On his birthday, Mayor Katharina Pötter and University President Prof. Susanne Menzel-Riedel opened the exhibitions in the presence of numerous guests. Also on his birthday, the city honored writer Lyudmila Ulitzkaya with the city's Peace Prize, named after Remarque.
With nearly 30 gifts, artists and writers from Germany and abroad are making this exhibition possible, highlighting the relevance of the author of "Nothing New in the West" to their own work. Just as Remarque transformed the catastrophes of his time into literature and thus made himself an author of world literature, the invited artists reflect Remarque's work once again with their works: Art creates art! For example, the collage by Andrei Liankevich, who traveled from Belarus to attend the opening of the exhibition, only reveals at second glance that he alienated the images with the help of artificial intelligence. When approached, the soldiers shown lose their faces, as it were, and thus their individuality. Images from the First World War frame a Ukrainian soldier. The graphic artist Peter Eickmeyer, who together with Gaby von Borstel has already written a much-acclaimed graphic novel for "Nothing New in the West," participates with a graphic that shows Remarque in the uniform of a First World War soldier on the market in front of the town hall in Osnabrück. The author of "Three Comrades," Shida Bazyar has donated the text "From Comrade to Comrade," which begins with a confession: "I don't know how to write about dying." She is certain that "but he knows [namely Remarque] how to write of dying." The gift from street artist C215, a.k.a. Christian Guémy, is still looking. He will produce graffiti on a facade for Remarque.
Framed by these gifts, "Networking Remarque" shows the writer's practical side of life in four showcases. "Remarque must have been a courageous man: as procrastinating and scrupulous as he may have been in his writing, he was as hands-on and decisive when it came to helping. 'Networking Remarque' shows the networks in which he participated," said Mayor Katharina Pötter at the opening. A world map above the visitors shows the spread of his works. He helped where he could help. Even with his own money. He put his celebrity at the service of the cause, even while in exile in the U.S., petitioning to help destitute fellow writers secure their livelihoods. "'Networking Remarque' makes clear how extensive his network was, who he knew and who knew him, with whom he came together to help. Thomas Mann and Erich Maria Remarque certainly didn't have much for each other, but a photo in the exhibition shows them together anyway," said University President Prof. Susanne Menzel-Riedl. Dr. Thomas Schneider, Alice Cadeddu and Claudia Junk developed the idea for this project to make Remarque's networks visible. "With his novels, the writer Remarque not only held up a mirror to his time," the three curators are certain, "but as a contemporary he used himself for others. His interest was in threatened people, whom he helped to survive. And he also cared about works of art that he feared would be destroyed."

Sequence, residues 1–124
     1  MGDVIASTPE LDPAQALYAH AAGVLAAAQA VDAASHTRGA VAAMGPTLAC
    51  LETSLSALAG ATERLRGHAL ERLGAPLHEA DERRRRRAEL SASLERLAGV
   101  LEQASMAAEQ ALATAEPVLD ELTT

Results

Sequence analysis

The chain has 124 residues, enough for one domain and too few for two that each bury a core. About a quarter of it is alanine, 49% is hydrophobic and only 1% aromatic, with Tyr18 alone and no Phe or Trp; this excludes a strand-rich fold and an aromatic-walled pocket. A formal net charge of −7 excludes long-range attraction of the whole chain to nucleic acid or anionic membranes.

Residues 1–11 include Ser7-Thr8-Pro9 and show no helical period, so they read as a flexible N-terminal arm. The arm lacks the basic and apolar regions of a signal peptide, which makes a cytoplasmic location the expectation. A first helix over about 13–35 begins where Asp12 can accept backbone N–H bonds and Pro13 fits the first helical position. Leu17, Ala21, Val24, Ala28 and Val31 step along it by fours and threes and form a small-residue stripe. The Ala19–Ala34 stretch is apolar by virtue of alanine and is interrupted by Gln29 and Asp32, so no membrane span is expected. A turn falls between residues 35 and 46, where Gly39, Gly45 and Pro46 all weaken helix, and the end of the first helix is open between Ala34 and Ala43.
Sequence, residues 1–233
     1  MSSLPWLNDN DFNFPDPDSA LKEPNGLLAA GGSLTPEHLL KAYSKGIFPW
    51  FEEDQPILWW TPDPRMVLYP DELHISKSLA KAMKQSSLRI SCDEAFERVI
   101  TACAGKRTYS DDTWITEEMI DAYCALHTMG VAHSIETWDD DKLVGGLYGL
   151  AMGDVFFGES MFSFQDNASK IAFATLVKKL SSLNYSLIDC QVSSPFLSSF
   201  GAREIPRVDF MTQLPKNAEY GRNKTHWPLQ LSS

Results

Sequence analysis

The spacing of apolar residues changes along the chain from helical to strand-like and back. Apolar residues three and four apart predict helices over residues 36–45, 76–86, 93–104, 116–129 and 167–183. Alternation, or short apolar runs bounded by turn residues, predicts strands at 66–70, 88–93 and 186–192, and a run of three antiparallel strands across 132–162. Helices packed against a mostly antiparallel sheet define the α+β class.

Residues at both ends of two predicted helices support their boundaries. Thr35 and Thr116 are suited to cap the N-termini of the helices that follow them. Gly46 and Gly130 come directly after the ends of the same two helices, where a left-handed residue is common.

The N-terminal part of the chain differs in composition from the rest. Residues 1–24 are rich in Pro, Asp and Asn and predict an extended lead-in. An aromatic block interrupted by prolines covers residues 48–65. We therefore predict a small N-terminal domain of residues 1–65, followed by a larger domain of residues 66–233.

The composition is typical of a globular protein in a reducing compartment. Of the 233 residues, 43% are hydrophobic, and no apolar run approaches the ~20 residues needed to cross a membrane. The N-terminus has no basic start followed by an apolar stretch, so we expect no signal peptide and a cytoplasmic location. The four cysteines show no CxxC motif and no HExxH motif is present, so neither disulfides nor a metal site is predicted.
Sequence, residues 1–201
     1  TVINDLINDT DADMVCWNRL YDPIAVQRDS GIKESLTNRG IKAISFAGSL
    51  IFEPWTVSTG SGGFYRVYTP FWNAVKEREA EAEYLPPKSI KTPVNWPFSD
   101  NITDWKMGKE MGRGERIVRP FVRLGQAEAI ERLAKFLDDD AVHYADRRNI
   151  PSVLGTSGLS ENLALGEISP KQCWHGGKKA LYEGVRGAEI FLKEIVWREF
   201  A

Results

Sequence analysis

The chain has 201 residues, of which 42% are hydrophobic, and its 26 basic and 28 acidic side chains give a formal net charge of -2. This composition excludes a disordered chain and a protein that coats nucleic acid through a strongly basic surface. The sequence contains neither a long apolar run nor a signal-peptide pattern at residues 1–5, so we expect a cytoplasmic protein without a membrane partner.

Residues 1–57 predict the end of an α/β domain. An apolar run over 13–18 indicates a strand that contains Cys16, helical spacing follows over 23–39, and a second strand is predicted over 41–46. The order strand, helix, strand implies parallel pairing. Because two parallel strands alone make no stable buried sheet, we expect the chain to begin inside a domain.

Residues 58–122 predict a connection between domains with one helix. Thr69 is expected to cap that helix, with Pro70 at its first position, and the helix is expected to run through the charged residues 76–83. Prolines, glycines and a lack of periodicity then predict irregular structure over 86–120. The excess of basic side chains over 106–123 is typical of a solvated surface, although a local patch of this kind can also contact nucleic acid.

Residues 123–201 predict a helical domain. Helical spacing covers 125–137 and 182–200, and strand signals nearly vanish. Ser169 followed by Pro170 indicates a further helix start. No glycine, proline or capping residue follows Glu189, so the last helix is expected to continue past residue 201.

The Remarque Peace Center is open 10 a.m. to 5 p.m. Tuesdays through Fridays and 11 a.m. to 5 p.m. Saturdays and Sundays. Admission is free.